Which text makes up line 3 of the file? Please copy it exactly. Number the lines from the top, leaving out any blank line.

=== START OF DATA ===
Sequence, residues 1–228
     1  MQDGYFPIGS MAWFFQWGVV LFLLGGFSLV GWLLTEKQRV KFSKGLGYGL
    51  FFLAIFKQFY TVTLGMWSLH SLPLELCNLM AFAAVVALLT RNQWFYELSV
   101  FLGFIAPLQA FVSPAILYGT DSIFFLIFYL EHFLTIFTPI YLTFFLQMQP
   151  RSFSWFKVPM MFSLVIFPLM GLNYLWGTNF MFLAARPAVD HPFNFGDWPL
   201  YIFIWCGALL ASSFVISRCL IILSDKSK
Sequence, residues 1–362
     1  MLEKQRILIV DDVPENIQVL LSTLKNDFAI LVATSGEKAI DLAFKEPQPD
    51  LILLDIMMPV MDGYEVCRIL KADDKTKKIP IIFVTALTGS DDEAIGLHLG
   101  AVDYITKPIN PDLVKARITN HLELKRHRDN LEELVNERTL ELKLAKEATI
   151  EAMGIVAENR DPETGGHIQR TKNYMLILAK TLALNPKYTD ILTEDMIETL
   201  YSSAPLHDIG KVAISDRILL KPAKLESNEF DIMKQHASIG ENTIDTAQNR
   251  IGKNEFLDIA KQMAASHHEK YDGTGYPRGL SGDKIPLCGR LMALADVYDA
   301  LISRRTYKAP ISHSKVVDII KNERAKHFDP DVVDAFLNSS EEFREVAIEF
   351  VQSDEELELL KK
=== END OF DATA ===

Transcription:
    51  FFLAIFKQFY TVTLGMWSLH SLPLELCNLM AFAAVVALLT RNQWFYELSV